Living in a variable environment: individual and population level responses
Since the founding of the doctoral programme in 1995 more than 170 students have graduated from LUOVA. Below you can find all LUOVA dissertations and the date of defense.
177. Sara Freixedas, 5 May 2017
Bird populations in a changing world: implications for North European conservation
176. Diego Pavon Jordan, 5 May 2017
Waterbirds in a changing world: effects of climate, habitat and conservation policy on European waterbirds
175. Kristina Noreikiene, 2 December 2016
Physiological stress and life-history strategies in the eider (Somateria mollissima)
174. Rauno Yrjölä, 25 November 2016
Impact of land use on breeding bird populations – case study of Vuosaari harbour construction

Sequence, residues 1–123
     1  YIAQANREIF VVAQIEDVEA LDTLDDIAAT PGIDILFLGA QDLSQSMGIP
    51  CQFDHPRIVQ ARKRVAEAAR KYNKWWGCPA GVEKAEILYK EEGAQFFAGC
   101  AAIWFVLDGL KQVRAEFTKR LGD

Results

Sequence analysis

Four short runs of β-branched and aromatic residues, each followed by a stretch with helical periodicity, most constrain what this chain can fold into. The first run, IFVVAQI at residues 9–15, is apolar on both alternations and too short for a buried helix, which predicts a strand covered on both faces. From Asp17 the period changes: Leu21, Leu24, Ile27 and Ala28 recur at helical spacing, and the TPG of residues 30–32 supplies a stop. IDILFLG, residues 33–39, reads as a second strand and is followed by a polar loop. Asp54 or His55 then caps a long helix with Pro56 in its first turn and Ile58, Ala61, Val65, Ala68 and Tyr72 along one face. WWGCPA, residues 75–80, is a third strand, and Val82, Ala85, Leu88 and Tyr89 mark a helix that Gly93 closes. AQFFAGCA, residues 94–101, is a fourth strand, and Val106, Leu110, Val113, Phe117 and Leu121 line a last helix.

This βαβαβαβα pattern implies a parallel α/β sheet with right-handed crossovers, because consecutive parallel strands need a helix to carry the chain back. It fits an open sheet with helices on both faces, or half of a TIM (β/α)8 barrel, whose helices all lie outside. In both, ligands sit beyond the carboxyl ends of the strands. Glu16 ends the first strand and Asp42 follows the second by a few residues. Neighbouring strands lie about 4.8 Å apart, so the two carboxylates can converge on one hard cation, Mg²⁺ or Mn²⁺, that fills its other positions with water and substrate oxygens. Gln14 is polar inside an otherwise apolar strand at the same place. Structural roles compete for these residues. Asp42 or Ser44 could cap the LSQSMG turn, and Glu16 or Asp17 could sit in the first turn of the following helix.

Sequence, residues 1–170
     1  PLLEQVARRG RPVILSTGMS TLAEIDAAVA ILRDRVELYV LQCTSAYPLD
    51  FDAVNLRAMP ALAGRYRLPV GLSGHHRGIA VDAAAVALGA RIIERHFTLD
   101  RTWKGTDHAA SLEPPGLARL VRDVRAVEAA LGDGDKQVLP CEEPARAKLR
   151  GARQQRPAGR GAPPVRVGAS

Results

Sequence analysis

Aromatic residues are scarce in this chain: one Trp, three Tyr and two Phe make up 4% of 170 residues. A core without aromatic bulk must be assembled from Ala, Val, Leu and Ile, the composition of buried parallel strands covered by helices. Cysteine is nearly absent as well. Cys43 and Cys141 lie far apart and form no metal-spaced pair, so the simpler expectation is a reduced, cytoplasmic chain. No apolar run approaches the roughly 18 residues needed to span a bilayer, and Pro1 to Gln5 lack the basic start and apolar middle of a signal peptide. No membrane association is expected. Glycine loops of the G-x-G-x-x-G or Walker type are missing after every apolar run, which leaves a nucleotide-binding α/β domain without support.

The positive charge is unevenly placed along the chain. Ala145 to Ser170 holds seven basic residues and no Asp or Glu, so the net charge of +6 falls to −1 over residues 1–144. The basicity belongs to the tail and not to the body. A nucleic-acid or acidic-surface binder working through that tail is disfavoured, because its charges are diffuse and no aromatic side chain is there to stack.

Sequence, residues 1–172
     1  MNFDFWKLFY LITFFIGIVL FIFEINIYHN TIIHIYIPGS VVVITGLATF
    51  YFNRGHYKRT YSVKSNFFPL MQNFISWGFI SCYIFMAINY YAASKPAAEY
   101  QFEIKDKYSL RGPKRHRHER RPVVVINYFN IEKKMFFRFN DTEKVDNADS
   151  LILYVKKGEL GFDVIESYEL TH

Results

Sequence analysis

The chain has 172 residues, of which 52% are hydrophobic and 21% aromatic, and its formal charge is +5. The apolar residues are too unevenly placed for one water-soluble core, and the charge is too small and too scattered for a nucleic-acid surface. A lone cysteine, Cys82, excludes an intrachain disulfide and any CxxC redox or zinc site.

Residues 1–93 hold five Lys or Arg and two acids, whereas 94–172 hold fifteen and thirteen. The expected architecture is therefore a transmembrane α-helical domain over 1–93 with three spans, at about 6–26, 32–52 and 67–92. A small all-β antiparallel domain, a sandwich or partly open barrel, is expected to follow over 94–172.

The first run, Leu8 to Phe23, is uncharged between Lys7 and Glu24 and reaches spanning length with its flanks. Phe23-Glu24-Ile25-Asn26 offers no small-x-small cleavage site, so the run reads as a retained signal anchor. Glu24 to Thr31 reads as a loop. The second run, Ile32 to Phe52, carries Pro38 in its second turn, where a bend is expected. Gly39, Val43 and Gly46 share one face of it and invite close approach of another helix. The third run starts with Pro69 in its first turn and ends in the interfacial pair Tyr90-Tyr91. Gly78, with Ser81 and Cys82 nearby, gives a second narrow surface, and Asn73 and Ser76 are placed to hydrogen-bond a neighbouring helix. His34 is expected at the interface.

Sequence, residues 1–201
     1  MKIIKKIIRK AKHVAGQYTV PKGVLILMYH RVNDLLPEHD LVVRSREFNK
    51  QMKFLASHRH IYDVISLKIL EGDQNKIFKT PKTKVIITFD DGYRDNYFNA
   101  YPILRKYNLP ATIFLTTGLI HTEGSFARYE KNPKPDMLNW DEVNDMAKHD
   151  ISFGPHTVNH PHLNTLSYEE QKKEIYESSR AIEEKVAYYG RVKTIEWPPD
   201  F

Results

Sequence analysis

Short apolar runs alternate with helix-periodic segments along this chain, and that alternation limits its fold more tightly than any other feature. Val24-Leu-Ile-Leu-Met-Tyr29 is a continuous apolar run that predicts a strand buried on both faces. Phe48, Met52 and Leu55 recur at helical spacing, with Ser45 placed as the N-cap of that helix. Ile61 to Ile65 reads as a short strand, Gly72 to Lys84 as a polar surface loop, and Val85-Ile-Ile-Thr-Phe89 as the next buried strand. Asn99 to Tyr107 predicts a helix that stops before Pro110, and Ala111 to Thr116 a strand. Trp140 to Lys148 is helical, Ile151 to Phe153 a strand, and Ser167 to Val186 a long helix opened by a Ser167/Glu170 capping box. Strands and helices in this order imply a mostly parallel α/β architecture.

173. Jana Wolf, 21 October 2016
Genetic and behavioural divergence of queen size morphs in the red ant Myrmica ruginodis
172. Mia Vehkaoja, 10 June 2016
Beaver in the drainage basin: an ecosystem engineer restores wetlands in the boreal landscapes
171. Martina Ozan, 3 June 2016
Reproductive partitioning in the polygynous black ant Formica fusca
170. Sanna Mäkeläinen, 29 April 2016
Occurrence, habitat use and movements of the flying squirrel in human-modified forest landscapes
169. Ilona Merikanto, 29 April 2016
Disease dynamics, invasion and biological control of environmentally growing pathogens
168. Kalle Meller, 1 April 2016
The impacts of temperature on the long-term variation in migration and breeding performance of birds
167. Norbertas Noreika, 18 March 2016
On the deterioration and restoration of mire invertebrate communities
166. Maria Hällfors, 5 February 2016
Coming to terms with conservation under climate change: Using species distribution models and translocation trials for estimating the need and potential of assisted migration